The Houston Texans began the 2013-2014 NFL season with Super Bowl aspirations. By the end of the year, they were ready to move on from the dumpster fire of a season and look forward to a new beginning. There were very few bright spots from the season that could be recalled. Yes, J.J. Watt was still a one man wrecking crew and one of the best defensive players in the league (if not the best player in the entire NFL). Andre Johnson proved that his age should not be held against him while finishing 7th in the league in total receiving yards (1,407). Even Randy Bullock finished the season making twelve straight field goals after a horrendous start to the season (the fact that this is a bright spot sums up what this season was like). While there were few bright spots, there were enough negatives to put a radiologist out of business. I do not even want to discuss the quarterback situation. Brian Cushing, Danieal Manning, Arian Foster, and Owen Daniels, all key contributors of the team, were lost for the season at some point. The Texans could not close out a game, finishing with an NFL-worst 2-9 record in games decided by a touchdown or less. Gary Kubiak, the former head coach of the Texans, passed out on the sidelines before halftime of the game vs. the Indianapolis Colts and took a brief hiatus from the team and returned only to get fired. There were players who did not live up to preseason expectations: Matt Schaub, Antonio Smith, Jonathan Joseph, Kareem Jackson, etc. However, one player in particular was expected to make a big jump with the season-ending injury to Owen Daniels: Garrett Graham.
Graham, who started the season on a tear with three touchdowns, only scored two more the rest of the year even though he was playing as the starting tight end. He did have a game vs. the Oakland Raiders that was quite impressive (7 catches for 136 yards and a touchdown), but the rest of the year, he was average. Although Graham was a beneficiary of having Owen Daniels on the field at the same time, many expected Graham to flourish in his new position. He was already a red-zone favorite of Matt Schaub. He seemed to be another perfect plug-and-play tight end that the Texans have been renowned for finding. The offense utilizes their tight ends more than most other teams in the league. However, even though he did not live up to expectations, Graham still finished with a career year that helped at least start a discussion on whether or not to re-sign him and let Owen Daniels walk.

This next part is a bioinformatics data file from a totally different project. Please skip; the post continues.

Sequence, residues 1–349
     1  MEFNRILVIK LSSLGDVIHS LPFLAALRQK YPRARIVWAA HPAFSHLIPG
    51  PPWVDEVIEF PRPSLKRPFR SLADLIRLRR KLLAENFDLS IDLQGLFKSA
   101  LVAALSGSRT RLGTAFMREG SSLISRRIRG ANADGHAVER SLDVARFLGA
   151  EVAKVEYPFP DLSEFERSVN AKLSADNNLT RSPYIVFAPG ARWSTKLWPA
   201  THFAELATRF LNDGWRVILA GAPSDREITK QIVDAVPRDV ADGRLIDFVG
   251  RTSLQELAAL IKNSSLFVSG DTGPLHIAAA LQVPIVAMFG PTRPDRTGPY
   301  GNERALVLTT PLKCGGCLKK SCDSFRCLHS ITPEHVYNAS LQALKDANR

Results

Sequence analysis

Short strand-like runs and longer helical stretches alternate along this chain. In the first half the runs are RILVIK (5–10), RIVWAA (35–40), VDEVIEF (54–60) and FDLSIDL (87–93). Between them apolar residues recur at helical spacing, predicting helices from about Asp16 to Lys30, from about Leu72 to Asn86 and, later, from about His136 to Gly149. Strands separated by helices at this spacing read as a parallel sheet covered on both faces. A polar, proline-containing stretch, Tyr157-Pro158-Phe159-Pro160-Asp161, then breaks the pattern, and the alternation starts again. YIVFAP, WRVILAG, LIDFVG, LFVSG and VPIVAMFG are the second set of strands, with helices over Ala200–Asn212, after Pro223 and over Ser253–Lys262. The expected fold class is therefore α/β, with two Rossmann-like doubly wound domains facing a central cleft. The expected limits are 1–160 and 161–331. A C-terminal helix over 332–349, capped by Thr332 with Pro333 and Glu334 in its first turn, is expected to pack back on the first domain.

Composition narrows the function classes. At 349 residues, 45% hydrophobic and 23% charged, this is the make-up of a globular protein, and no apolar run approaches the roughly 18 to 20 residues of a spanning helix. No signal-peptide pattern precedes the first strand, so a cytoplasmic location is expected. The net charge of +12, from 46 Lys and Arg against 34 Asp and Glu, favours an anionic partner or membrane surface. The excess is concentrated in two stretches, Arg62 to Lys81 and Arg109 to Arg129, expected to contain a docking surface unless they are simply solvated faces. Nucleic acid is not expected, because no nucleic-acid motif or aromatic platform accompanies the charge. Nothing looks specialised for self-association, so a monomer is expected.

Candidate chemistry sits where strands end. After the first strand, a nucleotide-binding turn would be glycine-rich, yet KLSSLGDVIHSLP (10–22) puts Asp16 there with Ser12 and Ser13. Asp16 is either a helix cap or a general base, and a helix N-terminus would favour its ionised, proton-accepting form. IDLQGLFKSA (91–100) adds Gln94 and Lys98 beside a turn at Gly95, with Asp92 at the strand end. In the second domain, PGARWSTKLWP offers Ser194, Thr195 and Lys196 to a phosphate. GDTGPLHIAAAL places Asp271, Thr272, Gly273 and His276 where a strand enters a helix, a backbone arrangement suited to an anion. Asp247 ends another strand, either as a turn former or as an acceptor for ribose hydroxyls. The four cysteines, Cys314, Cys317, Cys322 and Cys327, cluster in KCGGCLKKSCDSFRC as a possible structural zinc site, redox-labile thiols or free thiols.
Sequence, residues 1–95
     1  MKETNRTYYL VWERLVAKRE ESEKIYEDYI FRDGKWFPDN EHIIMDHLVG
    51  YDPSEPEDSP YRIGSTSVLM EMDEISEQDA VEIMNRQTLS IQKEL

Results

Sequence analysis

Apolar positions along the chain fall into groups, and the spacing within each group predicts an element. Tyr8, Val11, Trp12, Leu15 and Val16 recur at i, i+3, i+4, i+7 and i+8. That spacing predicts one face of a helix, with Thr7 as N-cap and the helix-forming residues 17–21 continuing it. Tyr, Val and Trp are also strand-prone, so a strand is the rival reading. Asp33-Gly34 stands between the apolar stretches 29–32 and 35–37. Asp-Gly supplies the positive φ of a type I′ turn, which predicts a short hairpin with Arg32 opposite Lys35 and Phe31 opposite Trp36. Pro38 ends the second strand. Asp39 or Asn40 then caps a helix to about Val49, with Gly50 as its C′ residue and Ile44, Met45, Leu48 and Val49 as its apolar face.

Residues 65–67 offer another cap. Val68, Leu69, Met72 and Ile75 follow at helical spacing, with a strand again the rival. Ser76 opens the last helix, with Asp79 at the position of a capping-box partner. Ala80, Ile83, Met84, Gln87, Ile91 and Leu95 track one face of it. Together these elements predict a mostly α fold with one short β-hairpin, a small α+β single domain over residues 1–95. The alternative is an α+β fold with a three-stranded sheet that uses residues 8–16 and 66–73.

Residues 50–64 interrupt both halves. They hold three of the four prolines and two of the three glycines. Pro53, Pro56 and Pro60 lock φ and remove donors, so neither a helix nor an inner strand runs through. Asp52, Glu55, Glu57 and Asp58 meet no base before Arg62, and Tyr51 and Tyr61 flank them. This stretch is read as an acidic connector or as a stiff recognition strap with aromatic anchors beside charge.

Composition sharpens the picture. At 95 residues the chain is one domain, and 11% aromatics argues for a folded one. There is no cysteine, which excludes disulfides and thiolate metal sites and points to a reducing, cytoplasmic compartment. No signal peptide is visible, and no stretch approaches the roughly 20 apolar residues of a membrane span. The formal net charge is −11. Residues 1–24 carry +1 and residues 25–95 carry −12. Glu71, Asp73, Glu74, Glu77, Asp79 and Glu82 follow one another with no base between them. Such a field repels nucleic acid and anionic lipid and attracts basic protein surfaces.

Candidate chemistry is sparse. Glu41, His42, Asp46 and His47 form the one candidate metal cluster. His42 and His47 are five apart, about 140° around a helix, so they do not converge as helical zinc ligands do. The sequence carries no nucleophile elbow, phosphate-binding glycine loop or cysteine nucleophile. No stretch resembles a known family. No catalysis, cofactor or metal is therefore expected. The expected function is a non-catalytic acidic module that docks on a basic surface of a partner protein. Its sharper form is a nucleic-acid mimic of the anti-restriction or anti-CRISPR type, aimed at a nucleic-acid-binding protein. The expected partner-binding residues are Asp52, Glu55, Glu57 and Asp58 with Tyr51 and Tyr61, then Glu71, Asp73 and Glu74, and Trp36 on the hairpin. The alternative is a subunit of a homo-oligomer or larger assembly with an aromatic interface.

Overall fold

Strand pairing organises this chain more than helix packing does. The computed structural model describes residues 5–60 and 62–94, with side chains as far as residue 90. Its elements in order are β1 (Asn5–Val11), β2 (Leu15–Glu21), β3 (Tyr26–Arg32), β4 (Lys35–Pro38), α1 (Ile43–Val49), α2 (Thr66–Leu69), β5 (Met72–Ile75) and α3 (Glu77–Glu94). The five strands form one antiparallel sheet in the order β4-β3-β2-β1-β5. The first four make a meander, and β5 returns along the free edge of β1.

Re-signing Graham makes sense for the following reasons: age, injury history, cap-space, production.
Many fans do not like to admit it, but many of the key contributors of the Texans are getting long in the teeth. One of these players is Owen Daniels. Although 31 does not sound that old, it is getting up there in terms of football shelf life. Not only that, but Owen Daniels has a long injury history. Daniels, if retained by the Texans, will charge $6.25 million against the Texans’ salary cap this season. However, if he is cut, the team will save $3.5 million. The Texans are already up against the wall in terms of cap-space due to past contracts, so it makes sense that they would want to make as much space as possible as long as they have a viable replacement. In terms of production, it is not fair to judge Graham based off his production this season with the erratic play at the quarterback position. If Graham would have been a starter say when Schaub could throw to his own team, I believe Graham’s stats would have been much more consistent. Daniels has been a consistent target the past few seasons and a great teammate, but the option of re-signing a younger, healthier, cheaper, and possibly more productive Graham seems more logical and appealing.